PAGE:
The fury of Friday’s storm has left as many as 30 to 40 beachfront houses vulnerable on Plum Island to strong tides, on top of several homes lost over the weekend, said Newbury building inspector Sam Joslin.
“Though the structures aren’t damaged, they’ve lost all of their dune fronts, so now we have an entire stretch of beach that’s completely unprotected,” Joslin said. “With that, even a small storm at this point could become a major issue.”
Two homes on the small barrier island fell off their foundations, one was condemned, and three more are probably damaged enough to require demolition, he said.
On Monday, a coalition of local officials will meet to discuss the next steps.
The Merrimack River Beach Alliance, made up of elected officials and private groups primarily from Newbury, Newburyport, and Salisbury, planned to meet at 11 a.m. Monday at the Plum Island Taxpayers & Associates Hall in Newbury. The meeting, which was scheduled before the storm, is open to the public.
“We’re going to begin the process of information-gathering and developing plans to deal with all those issues,” said state Senate minority leader Bruce Tarr, a Gloucester Republican who represents Plum Island and plans to attend the meeting.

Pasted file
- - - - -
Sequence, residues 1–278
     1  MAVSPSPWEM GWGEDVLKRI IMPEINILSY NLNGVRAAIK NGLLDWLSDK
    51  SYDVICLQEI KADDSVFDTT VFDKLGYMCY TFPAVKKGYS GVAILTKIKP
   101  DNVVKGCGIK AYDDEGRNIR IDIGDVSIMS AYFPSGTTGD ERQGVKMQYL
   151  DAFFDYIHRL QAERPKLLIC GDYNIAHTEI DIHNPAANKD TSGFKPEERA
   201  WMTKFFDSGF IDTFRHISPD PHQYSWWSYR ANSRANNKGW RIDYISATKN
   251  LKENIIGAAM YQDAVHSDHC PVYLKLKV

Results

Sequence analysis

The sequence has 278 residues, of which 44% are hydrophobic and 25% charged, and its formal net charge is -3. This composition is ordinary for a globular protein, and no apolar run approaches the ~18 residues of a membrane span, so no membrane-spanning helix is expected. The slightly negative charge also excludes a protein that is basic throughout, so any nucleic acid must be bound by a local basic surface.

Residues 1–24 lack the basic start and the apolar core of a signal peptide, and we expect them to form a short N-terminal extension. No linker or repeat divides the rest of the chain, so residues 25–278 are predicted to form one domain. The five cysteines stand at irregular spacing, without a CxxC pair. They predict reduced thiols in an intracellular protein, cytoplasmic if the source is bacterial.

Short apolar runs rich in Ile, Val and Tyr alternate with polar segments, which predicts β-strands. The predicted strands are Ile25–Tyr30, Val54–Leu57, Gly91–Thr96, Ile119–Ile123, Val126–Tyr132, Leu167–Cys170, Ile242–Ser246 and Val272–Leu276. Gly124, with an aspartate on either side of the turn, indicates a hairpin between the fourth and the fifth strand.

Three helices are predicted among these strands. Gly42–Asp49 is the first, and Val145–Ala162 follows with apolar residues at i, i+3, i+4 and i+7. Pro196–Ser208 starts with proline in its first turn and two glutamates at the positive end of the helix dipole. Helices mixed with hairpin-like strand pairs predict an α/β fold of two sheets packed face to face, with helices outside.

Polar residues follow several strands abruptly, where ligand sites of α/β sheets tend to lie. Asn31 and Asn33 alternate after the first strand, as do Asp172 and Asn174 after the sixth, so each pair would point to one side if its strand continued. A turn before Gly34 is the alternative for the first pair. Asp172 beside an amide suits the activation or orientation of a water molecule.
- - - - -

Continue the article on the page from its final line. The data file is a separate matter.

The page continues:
Officials will explore whether homeowners whose structures were damaged by coastal erosion are covered by federal flood insurance, Tarr said.
They will also discuss a $9.25 million project to refill a jetty near the mouth of the Merrimack River with sand that had been washed away by the tides over the years.
The storm swept some sand from the north side of the jetty over the weekend, delaying the projected end date of March 15 to the end of the month.
“They’re still going to be able to keep going, but it did suffer some damage,” Tarr said.
A total of 12 beachfront houses were severely damaged during high tides in Friday’s storm, Joslin said.
Two houses, 31 and 41 Annapolis Way, were demolished Saturday. Demolition of 37 Annapolis Way, scheduled for Sunday morning, was put off until 7 a.m. Monday because the area was littered with debris, he said.
The house did not collapse completely but was deemed uninhabitable after high tides snapped at least one of its support beams and ate away at its concrete foundation Friday. The home was assessed at $836,500.
On Monday, engineers plan to inspect three houses on Fordham Way, numbers 34, 36, and 38. Joslin said the houses will probably have to be demolished as well, but homeowners could install temporary support beams so they can remove their belongings.
“It could be a month” before the houses are demolished, he said. ”We’ve just got to take it step by step.”
The house at 31 Annapolis Way was worth nearly $700,000; the house at 41 Annapolis Way was valued at $800,900.
Some of the other beachfront houses Joslin was concerned about as tides began rising Friday are temporarily uninhabitable, but can probably be repaired, he said.
“Though they may have suffered over the last few tides a little bit more, I don’t think the structures have suffered to the point of collapse,” Joslin said.
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